Well Designed Software and Testing
One of the things I’ve been doing at Well.ca is to lead by example. I started the weekly tech talks, wrote tests for the tickets or features I worked on, and recently I compiled all of that and gave a talk on testing. I’m very glad to have worked at Microsoft and particularly have been surrounded by teammates & mentors who helped me get better.
It’s frustrating at times when people don’t understand the value of good design and testing. They’re perfectly happy to keep fighting fires and think that is doing good work. Nobody forced me to write unit tests at Microsoft, but I saw the value and have experienced first hand how writing tests gives me more time to innovate.
In my tech talk to the team, I talked about why one would want to write tests.
“Any fool can write code that a computer can understand. Good programmers write code that humans can understand.” - Martin Fowler
One of the things people don’t seem to realize is that attempting to write tests actually helps you with software design. Having to write tests means that you cannot have software that’s so intertwined that you can’t easily extend, re-use, refactor, or test. If you want to see badly designed software, simply check out zen cart. The software is a mess with a lot of dependencies built in such that it’s impossible to test or reuse code for other scenarios.
Anybody can hack together some prototype code, but it takes skill and experience to build well designed software.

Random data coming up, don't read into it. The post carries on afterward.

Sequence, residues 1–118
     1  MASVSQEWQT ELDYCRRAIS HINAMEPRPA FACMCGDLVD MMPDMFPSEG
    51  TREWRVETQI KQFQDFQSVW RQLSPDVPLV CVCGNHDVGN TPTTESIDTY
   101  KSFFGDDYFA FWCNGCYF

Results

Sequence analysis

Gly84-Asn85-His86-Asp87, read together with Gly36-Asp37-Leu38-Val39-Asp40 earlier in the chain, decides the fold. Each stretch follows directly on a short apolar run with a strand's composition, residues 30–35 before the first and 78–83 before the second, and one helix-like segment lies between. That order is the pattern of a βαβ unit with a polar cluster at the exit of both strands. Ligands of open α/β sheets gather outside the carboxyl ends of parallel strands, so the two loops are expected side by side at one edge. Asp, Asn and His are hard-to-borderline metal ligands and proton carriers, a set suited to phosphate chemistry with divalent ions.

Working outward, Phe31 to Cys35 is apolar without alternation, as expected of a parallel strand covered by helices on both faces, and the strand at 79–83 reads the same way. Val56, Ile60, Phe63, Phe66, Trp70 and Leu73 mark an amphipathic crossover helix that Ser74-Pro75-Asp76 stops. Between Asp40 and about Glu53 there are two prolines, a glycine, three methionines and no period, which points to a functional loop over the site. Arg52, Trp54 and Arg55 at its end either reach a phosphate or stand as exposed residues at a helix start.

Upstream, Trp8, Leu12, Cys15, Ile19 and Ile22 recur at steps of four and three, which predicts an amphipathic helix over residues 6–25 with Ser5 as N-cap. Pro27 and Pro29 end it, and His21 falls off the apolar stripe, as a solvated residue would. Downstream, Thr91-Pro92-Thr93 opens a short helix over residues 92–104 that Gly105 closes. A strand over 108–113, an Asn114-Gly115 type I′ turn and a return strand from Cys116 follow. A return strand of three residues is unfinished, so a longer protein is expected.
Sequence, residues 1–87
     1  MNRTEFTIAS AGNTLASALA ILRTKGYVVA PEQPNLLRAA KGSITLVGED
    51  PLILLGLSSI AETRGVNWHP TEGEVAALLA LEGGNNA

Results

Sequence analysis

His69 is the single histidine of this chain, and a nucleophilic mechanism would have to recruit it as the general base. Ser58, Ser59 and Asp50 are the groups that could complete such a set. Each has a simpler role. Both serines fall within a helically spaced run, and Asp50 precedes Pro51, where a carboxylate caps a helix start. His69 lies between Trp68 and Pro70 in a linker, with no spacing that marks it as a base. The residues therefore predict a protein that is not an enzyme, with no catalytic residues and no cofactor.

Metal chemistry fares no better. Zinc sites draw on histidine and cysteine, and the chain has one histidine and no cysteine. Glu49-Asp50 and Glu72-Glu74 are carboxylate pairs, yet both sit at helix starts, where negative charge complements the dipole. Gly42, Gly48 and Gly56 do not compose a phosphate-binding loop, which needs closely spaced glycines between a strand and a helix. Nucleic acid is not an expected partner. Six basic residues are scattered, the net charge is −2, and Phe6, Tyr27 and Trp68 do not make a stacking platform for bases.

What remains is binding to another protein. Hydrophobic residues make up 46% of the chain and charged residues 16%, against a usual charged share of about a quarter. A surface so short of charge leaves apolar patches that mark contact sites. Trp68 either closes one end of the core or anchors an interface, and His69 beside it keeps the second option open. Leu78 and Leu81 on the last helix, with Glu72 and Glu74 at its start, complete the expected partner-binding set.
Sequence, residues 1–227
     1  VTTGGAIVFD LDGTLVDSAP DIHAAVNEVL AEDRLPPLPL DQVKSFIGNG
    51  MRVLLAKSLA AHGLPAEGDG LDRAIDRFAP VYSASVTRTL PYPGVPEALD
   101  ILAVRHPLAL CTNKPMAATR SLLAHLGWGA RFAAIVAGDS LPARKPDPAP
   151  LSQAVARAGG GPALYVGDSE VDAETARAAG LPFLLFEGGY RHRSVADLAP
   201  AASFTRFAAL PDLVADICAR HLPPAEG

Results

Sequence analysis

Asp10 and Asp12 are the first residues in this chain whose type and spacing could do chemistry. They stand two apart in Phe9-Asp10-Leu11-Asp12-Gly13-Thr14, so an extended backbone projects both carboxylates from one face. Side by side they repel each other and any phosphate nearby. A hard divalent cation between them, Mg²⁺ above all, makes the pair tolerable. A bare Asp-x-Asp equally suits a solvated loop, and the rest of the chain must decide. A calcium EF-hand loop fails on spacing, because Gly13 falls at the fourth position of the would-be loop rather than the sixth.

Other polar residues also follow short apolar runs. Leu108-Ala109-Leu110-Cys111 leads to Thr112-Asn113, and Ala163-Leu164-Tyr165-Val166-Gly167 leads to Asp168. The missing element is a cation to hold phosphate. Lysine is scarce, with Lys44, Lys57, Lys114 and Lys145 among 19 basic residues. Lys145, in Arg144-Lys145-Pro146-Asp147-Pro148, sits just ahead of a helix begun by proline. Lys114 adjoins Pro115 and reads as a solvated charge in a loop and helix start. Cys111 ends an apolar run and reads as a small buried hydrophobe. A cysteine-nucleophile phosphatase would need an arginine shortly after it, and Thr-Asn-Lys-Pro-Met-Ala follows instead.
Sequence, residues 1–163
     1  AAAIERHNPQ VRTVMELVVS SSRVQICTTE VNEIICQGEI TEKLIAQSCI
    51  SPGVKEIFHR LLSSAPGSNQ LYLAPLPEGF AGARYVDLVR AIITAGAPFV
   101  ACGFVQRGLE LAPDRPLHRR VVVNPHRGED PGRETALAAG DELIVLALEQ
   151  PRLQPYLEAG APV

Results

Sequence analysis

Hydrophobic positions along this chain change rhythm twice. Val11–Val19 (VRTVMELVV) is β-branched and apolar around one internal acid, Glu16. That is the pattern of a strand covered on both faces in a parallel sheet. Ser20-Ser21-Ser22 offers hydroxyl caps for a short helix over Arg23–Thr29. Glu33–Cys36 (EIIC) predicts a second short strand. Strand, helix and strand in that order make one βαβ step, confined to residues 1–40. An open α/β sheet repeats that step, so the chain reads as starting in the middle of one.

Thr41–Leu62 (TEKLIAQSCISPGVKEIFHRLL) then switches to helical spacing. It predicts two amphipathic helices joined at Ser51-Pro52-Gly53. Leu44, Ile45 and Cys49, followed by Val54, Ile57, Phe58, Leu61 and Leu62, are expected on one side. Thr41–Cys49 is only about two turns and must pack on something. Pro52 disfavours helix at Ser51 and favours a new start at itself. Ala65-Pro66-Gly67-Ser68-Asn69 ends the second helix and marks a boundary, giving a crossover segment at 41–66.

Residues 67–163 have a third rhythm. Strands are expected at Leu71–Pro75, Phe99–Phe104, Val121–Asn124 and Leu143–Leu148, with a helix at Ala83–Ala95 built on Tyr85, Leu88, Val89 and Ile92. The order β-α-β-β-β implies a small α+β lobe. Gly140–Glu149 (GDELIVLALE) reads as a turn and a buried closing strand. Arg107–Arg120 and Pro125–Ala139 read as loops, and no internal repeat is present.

I gave some more quotes in my talk to illustrate my point:
“Test ruthlessly and effectively”
- “The Pragmatic Programmer” by Andrew Hunt and David Thomas
Legacy code = code without tests
- “Working Effectively with Legacy Code” by Michael Feathers
The rest of my talk involved demonstrating how I have been writing tests at Well.ca (with PHPUnit, QUnit, etc) to show my teammates that it can be done and makes things better.
I’m currently leading the warehouse software at work, and I’ve got two junior developers on the project with me. I’ve been stressing to them to think about design before coding and write tests. The people who worked on the code before don’t think about design and don’t attempt to break things up into logical units. The end result is multiple logical components all modifying the same database table and code duplication is rampant. Of course, tests are nowhere to be seen and are done entirely via manual tests through the browser. It’s no wonder that the progress has been slow and each new feature involves fighting fires. That’s where I come in and hope to change the culture around to do better.
Last month I attended a Guelph PHP User Group meeting and Chris Hartjes was the speaker for that time. He talked about the future of PHP as well as things covered in his book The Grumpy Programmer’s Guide To Building Testable PHP Applications. During the talk I found that he and I share a lot of common beliefs about good software design and testing. During the meeting I told the group how I’ve been bringing up Well.ca’s code quality by introducing Phabricator to them. I also learned from Chris about PHP BDD framework Behat. I was lucky to win a copy of his book and have just recently finished reading it. It’s a great read and gives me pointers to other things I can check out and possibly introduce to Well.ca.